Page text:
The staff are also incredibly loyal to the family, Zita in housekeeping has been there since just after they opened and many who leave end up returning to the fold like Head Chef James Crawford. James previously worked with Stan in the Tulfarris Hotel in Blessington before coming to the Athenaeum in 2006. After four years, James went to run a chef’s training college in Cavan but he found himself welcomed back last September. Assistant manager Louise MacNamara also took some time away from the hotel to study veterinary nursing but returned to work a couple of days a week because she enjoys it so much. Stan explains that it comes down to that family atmosphere.
There’s various other people like that who have been away and gone and done things and come back again so I suppose we’re lucky that we have good relationships. Everybody leaves on good terms so everybody can come back. I suppose we put so much time into it and in fairness there’s always somebody here and people are never left on their own, there’s always support for them.
Mailo says people feel valued as they respect everyone’s individual skill sets, “as they say there’s no I in team. Everybody brings something to the table, something different and unique”. Head Chef James also believes in investing in their staff. “He actually has a great ethos of training in the kitchen and a lot of our young chefs are actually attending college and upskilling as well. It’s not only about the business but developing the people within it.”
Looking after their staff was a big concern for the Powers during the recession. Stan explains how difficult it was, and still is, for family businesses who are constantly battling against large chains. “Trying to survive in this economic climate when the NAMA hotels can eat up small properties like ourselves because they’re either underselling or undercutting pricing. What we’re trying to do is grow as a unique small business and offer that whole authentic Irish experience for customers.”
Mailo reckons one of the reasons they have survived and are flourishing is their ability to read the industry and trial new methods. “As a family business we can react with speed I suppose and make a decision to change certain things or try something new. That willingness and entrepreneurial spirit is what keeps you going. I think also in a family business where you have the next generation, you maintain your competitive edge because you’re bringing in the likes of Kelly’s skill set. You maintain that freshness by having young members of the family involved.”
The entrepreneurial spirit that Mailo refers to is not just present in the Athenaeum House Hotel but also in the wider industry and community where the Powers are involved in lots of initiatives and organisations. Stan and Mailo were the first couple to serve simultaneously on the National Council of the Hotel Federation and he currently sits on the board of Manor House Hotels. Closer to home, Stan was one of the founders of EAT Waterford, a collaboration between restaurateurs to promote eating out in the city. “EAT is about trying to be locally engaged and locally sourcing produce and suppliers. Getting the chefs together at the harvest event we did last year, they’re sharing their knowledge and their experience and their suppliers so then people are more engaged with key local suppliers that are doing things organically and are supplying locally.”
Mailo says the supportive and collaborative attitude benefits everyone, ‘a rising tide lifts all boats’ and they actively support that ethos at the Athenaeum with the majority of the produce they use being sourced within a 30k radius. “That means then that we have very fresh produce, that is in season and it also means that local suppliers are getting a chance of developing a business and sustaining it.”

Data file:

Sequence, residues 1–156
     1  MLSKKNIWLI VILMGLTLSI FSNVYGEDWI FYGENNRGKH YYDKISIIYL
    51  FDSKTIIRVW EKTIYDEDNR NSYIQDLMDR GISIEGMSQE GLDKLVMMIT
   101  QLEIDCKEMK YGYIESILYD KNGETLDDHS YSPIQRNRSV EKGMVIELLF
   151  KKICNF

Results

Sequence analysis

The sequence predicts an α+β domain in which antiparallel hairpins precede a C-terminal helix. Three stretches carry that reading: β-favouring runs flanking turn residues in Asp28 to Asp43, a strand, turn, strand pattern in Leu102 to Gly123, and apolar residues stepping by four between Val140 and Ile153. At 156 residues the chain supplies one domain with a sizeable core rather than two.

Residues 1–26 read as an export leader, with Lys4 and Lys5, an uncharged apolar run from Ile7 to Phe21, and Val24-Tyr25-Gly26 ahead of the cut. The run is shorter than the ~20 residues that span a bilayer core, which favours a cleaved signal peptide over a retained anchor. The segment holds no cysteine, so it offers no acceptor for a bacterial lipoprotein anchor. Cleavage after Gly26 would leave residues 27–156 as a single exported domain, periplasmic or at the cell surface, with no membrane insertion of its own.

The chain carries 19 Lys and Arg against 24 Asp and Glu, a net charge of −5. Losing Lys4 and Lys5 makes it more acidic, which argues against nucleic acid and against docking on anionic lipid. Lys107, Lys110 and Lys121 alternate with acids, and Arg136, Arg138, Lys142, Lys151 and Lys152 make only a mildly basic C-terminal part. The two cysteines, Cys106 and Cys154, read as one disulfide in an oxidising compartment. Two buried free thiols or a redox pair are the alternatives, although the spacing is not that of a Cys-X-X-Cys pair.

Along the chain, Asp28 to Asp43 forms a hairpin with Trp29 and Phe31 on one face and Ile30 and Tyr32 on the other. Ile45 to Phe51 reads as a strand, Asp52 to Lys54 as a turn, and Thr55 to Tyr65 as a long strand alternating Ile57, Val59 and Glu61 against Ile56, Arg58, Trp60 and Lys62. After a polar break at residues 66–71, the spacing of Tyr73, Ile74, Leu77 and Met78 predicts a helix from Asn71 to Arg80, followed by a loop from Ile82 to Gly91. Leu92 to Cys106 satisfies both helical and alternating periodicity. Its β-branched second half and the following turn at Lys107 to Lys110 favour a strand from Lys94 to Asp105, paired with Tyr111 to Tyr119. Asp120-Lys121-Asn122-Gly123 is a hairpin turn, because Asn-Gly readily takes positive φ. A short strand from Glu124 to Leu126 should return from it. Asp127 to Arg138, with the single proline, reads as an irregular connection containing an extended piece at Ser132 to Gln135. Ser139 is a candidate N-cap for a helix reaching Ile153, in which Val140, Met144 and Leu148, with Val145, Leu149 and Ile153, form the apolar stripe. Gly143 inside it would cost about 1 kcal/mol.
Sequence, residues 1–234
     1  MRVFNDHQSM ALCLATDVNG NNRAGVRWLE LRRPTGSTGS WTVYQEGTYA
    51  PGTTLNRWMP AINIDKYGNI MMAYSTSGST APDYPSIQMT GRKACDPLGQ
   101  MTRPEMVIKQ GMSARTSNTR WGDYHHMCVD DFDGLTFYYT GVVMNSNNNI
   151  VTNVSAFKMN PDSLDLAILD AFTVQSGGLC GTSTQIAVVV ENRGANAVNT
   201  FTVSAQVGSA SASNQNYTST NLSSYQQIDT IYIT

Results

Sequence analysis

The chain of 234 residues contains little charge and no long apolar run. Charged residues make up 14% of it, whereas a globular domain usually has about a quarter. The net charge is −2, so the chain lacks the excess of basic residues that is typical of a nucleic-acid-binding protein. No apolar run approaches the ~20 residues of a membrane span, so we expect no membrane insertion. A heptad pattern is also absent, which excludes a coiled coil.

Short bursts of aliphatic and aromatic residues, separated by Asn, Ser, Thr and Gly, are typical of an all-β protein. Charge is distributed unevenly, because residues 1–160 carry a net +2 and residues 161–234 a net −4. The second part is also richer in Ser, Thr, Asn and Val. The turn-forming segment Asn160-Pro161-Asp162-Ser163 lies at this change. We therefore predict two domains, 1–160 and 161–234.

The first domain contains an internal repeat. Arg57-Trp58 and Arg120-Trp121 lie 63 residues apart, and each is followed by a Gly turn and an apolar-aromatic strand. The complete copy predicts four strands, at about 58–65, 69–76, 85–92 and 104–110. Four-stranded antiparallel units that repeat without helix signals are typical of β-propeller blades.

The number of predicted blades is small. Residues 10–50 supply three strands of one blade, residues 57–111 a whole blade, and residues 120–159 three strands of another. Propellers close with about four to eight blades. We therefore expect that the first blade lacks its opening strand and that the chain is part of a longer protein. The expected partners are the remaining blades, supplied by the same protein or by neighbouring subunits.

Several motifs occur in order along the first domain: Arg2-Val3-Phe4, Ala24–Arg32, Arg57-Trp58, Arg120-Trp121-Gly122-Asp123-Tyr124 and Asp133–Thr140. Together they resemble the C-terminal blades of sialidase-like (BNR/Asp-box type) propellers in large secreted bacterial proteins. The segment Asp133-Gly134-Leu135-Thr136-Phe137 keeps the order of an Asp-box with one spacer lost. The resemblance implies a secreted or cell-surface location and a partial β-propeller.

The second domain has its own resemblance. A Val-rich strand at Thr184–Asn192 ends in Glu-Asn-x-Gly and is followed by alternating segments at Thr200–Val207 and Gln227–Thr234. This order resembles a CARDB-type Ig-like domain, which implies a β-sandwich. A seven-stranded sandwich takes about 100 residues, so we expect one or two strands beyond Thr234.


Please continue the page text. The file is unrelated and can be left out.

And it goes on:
Celebrating their pride in the area, the Powers were heavily involved in the recent bid by the Three Sisters for European Capital of Culture 2020. The family actually used to run a guest house at Cheek Point, where the three rivers meet and they are constantly sending their guests on day trips to nearby Kilkenny and Wexford. Mailo says they have a natural passion for the region and the bid was a great way of opening it to the media. “A lot of very positive things came out of it, a lot of people working together, the collaboration was absolutely massive but also many of the things about Waterford and Wexford and Kilkenny are Ireland best kept secrets so in many ways it gave us a platform to come together and say this is our region and we are proud of it.”
Stan says coming together for the bid happened as a natural progression of Ireland’s Ancient East, the new intitiative by Fáilte Ireland that focuses on the historical culture of the South East. “Rather than seeing each county as an individual entity, we try as best we can to work together and this was another opportunity to do that and another showcase of that working platform. It wasn’t successful on this occasion but I think a lot more good came out of it and a lot more good will flow from it so it may well be if we get a chance to bid again I think it could easily be successful.”
Now that the bid is over, Stan will return to his commitment to EAT and the upcoming Harvest Festival and Mailo can go back to working on Winterval, the six week long Christmas festival that celebrates all things Waterford. Mailo helped found the event which runs from the end of November right through to Christmas. “We started working on that back in January for the following Christmas so that’s very much ongoing, I chair the hospitality committee on that. We started with less than a handful of us and now we have nearly 500 volunteers working with us so again the community strength. Last year we brought almost a million people into Waterford.”
In the meantime, the team at the Athenaeum House Hotel will be looking forward to their annual charity afternoon tea in aid of the hospice. Kelly will be taking the lead on this project and like everything in the Athenaeum, it is fusing family with history as the event is part of heritage week. “We did it last year, great afternoon tea and the staff dress up in period costumes and that. We’re trying to get Bewley’s involved this year as well so we can weave the whole history of the house into the afternoon tea itself.”
For more information about the Heritage Week Afternoon Tea or the Athenaeum House Hotel visit athenaeumhousehotel.com.
Alison has been writing since she could hold a pen, which came in handy for her degree in English, Media and Cultural Studies. She has been working in media since graduating and is the latest features writer for TheTaste.
Writing for TheTaste allows her to combine her passion for the written word with her love of food and drink. Find her on Twitter @AliDalyo